Of course I´m not agree about the detestable censure of the XIXth century.
    But I think the literature of the XIXth century is the best literature of all history.
    And I don´t like Ballard´s literature because his books (not all his books) are insane. But it´s just my opinion.
    I like Harold Pinter, V.S. Naipaul, Robert Graves… and other english modern writers.

  7. if yours is ‘good’ taste, i’d rather have it ‘bad’.

    as for the way you write english, it says it all about the way you must read it.

  8. I like Ballard´s writtings, even if some people feel they are insane.
    My be I like the insane travels into the mind.
    The short stories I like to re-read are: “Passport to Eternity”, “Billenium” “Thirteen to Centauri” and the novel “The Drowned world”. I think this last novel is a kind of utopia.

  9. Ha! That’s hilarious Pearl/Anonymous! Ballard, with respect to science fiction, is one of the leading writers of the genre. He pushed the envelope of sci fi from the physical into the psychological. Certainly he’s challenging – particularly with works like Crash, but he always has something interesting to say. When I compare him to earlier writers such as Asimov or Bradbury (both of whom I enjoy) his books are more complex and arguably more relevent to the modern experience.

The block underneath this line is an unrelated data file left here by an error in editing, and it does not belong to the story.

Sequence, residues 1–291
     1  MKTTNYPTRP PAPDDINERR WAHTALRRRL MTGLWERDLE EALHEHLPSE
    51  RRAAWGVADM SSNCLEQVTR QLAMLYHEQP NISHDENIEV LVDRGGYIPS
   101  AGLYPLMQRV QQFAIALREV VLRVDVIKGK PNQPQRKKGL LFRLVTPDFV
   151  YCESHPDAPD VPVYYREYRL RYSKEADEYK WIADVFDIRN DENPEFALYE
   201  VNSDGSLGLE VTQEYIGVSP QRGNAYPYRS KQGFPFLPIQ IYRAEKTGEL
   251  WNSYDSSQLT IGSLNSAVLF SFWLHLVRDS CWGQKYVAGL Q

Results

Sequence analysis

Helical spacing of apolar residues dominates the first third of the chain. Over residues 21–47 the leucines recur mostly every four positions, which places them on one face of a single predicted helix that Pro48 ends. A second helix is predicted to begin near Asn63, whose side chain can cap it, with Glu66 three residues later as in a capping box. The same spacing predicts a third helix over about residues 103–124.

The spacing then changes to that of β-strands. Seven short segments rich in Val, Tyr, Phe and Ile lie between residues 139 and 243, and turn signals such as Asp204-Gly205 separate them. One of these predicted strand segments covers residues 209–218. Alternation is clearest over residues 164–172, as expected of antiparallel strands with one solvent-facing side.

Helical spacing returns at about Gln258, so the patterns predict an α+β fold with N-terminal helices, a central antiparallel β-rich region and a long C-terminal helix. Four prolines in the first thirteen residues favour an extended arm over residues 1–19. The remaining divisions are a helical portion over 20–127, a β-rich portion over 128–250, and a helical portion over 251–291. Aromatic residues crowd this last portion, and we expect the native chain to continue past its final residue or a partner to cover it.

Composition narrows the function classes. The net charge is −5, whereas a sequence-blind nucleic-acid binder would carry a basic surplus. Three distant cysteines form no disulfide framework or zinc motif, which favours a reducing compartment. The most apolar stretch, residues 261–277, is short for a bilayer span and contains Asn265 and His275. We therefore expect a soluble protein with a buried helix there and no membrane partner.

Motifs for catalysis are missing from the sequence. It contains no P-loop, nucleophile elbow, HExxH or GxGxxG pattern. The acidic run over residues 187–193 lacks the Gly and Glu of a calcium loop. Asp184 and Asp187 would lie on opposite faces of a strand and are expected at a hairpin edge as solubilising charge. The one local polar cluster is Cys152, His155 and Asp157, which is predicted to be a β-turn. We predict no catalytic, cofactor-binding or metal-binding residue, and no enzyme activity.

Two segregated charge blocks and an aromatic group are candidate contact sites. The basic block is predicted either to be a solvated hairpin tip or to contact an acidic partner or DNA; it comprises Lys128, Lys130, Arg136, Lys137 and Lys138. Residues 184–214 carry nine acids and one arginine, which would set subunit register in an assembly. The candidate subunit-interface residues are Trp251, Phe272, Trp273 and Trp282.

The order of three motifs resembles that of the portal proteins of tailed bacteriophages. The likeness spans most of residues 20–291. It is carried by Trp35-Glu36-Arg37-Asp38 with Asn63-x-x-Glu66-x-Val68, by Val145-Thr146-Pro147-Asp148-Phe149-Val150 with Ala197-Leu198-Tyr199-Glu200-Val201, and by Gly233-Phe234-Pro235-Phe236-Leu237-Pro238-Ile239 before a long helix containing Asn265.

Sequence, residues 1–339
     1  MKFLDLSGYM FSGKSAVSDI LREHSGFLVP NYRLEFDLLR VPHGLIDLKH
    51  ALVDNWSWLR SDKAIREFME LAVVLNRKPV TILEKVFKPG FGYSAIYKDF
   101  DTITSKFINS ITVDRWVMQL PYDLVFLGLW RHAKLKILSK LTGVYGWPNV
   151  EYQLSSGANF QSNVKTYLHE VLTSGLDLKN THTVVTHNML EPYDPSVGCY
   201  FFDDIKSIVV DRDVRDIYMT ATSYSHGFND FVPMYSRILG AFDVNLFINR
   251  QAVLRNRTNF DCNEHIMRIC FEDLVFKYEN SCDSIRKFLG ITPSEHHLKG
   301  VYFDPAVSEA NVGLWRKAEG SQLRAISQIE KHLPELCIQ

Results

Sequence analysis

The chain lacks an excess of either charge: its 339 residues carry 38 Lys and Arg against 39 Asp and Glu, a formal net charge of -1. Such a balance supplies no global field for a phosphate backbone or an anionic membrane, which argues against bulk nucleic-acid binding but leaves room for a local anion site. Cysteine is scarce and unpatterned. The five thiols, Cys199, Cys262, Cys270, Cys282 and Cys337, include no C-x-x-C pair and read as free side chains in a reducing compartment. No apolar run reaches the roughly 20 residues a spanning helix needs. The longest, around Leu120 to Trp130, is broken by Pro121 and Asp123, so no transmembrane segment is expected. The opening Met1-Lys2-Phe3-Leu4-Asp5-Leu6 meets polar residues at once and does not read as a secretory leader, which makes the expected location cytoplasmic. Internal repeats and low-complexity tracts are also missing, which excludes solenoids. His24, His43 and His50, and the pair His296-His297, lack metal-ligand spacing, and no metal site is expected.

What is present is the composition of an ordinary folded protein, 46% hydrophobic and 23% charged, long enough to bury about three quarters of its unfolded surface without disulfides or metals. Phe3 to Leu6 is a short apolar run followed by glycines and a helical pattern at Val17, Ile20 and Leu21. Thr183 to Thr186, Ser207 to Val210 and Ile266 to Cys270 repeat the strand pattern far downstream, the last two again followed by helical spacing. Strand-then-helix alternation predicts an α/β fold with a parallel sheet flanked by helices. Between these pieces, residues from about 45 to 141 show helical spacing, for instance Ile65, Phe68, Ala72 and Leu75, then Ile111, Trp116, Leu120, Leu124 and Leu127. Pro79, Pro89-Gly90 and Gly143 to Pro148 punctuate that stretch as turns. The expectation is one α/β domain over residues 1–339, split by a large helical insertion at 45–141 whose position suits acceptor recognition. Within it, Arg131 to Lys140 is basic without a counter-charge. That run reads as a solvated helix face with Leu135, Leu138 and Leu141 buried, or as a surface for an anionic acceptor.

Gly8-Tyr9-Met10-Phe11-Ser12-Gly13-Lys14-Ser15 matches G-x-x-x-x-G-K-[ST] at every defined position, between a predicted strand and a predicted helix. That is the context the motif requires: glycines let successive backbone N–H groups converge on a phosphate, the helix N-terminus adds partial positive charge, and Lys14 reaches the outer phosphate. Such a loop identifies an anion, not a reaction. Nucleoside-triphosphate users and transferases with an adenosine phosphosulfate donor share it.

Nice website by the way! Keep up the good work.

  10. I notice you have included ‘The kindness of women’ as fiction. Surely this is a mistake as it is obviously another autobiography.

    Keep up the good work!

  11. The Kindness of Women is a novel – a sequel to Empire of the Sun – which was also a novel. J G Ballard has only ever written one book-length autobiography: Miracles of Life.

  12. […] anniversario della morte di J.G.Ballard, visionario autore britannico che ha firmato svariate opere letterarie che si possono far rientrare nel genere di “fantascienza“. In onore dello scrittore […]

  13. […] anniversario della morte di J.G.Ballard, visionario autore britannico che ha firmato svariate opere letterarie che si possono far rientrare nel genere di “fantascienza“. In onore dello scrittore […]

  14. Is there a list of translations of Ballard’s books available anywhere? Thanks!

  15. Hello there,

    As many people I am (re)discovering JGB with the Radio4 series currently on air.
    It makes me think that I read a short story long time ago, about an enclosed suburban hamlet where families keep their kids in closed walls and it all end up with them killing their parents in a well designed plot. A sort of “perfect world” of middle class life, turned nightmare.

    This stuff gave me bad dreams for a decade 🙂 – alongside “roots of evil” by M.G. Dantec… (I had to throw that one 🙂 )

    I’d like to find that book, to read it again, but for the life of me, I can’t remenber the title.

    Would anybody help?


  16. Hi Sandrine,

    The story is Running Wild, Ballard’s 1988 novella. Great book, highly recommended!


  17. Well, Mr. Ballard wrote from a highly unique inner vision. If you can tune in to it, it will literally change your existence. What more can one ask of a writer?